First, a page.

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Takoma Regional Improves Patient Safety With Computerized Provider Orders For Inpatient Care
GREENEVILLE – Takoma Regional Hospital said goodbye this week to the days of handwritten physician and provider orders for all inpatients in favor of a new, computerized system designed to drastically reduce medical errors and speed up patient care.

Takoma Regional launched its computerized provider order entry system, commonly referred to as CPOE in health care, Tuesday at 6 a.m. The Greeneville hospital joins larger hospitals serving metropolitan areas – such as University of Tennessee Medical Center in Knoxville – at the forefront of this new medical technology designed to improve patient safety.

With the installation of CPOE for inpatient care, Takoma Regional is among the top 4 percent of the nation’s hospitals that have a fully-integrated electronic medical records system.

Takoma Regional leaders and staff members joined leaders from Adventist Health System – which jointly operates Takoma Regional in a partnership with Wellmont Health System – for a brief dedication ceremony Monday evening held to celebrate the implementation of CPOE. Adventist Health System chose Takoma Regional as the first AHS hospital – among its 37 hospitals – to pilot CPOE.

 “This is gratifying for everyone in the Takoma Regional family, Wellmont and Adventist Health System, because it’s another instance where we’re adopting new technology to make our hospital the best it can be,” said Carlyle Walton, president and chief executive officer of Takoma Regional. “I’m excited for our employees and the medical staff and proud of their efforts to bring this project to fruition. But I’m most excited for our patients, because CPOE will help us reduce medical errors and deliver safer, superior care.”

Physicians and providers will now enter their medical orders directly into Takoma Regional’s electronic medical record system – called iConnect – to eliminate the trail of paper orders and notes that can delay patient care and contribute to medical errors. Dr. Philip Smith, vice president and chief medical information officer for Adventist Health System, said estimates show between 100,000 and 250,000 patients die each year from medical errors.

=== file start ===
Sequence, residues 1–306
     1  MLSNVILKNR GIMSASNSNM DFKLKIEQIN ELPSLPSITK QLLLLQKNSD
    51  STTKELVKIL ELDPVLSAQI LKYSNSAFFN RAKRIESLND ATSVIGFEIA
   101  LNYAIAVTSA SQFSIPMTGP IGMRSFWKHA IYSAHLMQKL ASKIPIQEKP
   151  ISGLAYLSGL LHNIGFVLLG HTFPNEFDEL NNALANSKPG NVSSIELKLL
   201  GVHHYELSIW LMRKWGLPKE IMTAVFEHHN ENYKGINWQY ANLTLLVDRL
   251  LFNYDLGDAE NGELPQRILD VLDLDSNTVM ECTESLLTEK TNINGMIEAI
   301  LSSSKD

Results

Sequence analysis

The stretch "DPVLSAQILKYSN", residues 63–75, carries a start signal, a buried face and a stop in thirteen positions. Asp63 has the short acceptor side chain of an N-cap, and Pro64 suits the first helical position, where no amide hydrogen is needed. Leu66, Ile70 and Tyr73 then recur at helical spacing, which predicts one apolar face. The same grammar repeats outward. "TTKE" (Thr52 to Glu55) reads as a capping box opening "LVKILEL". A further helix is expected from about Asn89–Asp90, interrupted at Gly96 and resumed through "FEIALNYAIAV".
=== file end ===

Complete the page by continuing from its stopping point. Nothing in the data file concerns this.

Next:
By implementing a full-scale CPOE system, Dr. Smith said 75 percent of medication errors can be reduced. And CPOE offers even more advantages to the user, Dr. Smith said.

“Just eliminating handwriting alone eliminates errors,” Dr. Smith said, “but with other systems in place, such as a system to recognize drug interactions or allergy interactions for patients, these errors are reduced even further.

“Takoma Regional’s system will have these other systems that identify drug or allergy interactions.”

Dr. Smith and Walton said implementation of CPOE was accomplished only through the combined commitment of numerous individuals at Takoma Regional and Adventist Health. Leaders at Takoma Regional who served crucial roles in the project include Tammy Albright, director of clinical informatics; Tom Vandenhoven, chief financial officer; Dr. Fred Myers, chief medical officer; Terri Marcum, chief nursing officer; and Wes Gattis, physician liaison.

Walton said it’s possible for a hospital to adopt CPOE only if members of the medical staff are willing to put away their doctor’s pad and pen in favor of typing on a computer keyboard.

 “Through their commitment to make a fairly radical change in how they deliver patient orders, our physicians and providers have shown their commitment to doing what’s best for patients and what’s best for Takoma Regional,” Walton said. “This is the age of healthcare technology, and our hospital is honored to be a leader with new solutions and new paradigms.”

Takoma Regional employees have been preparing for the transition for more than a year. Dr. Smith said the effort of learning something new will undoubtedly benefit patients.

“CPOE is safer – there’s less chance of misinterpretation of handwritten orders. It’s more efficient because there are fewer steps, and fewer steps means reduction of errors,” Dr. Smith said. “With providers entering orders directly into the system, it’s no one else’s interpretation of what the plan is. We’re removing the middle man between the provider and the patient’s treatment.”



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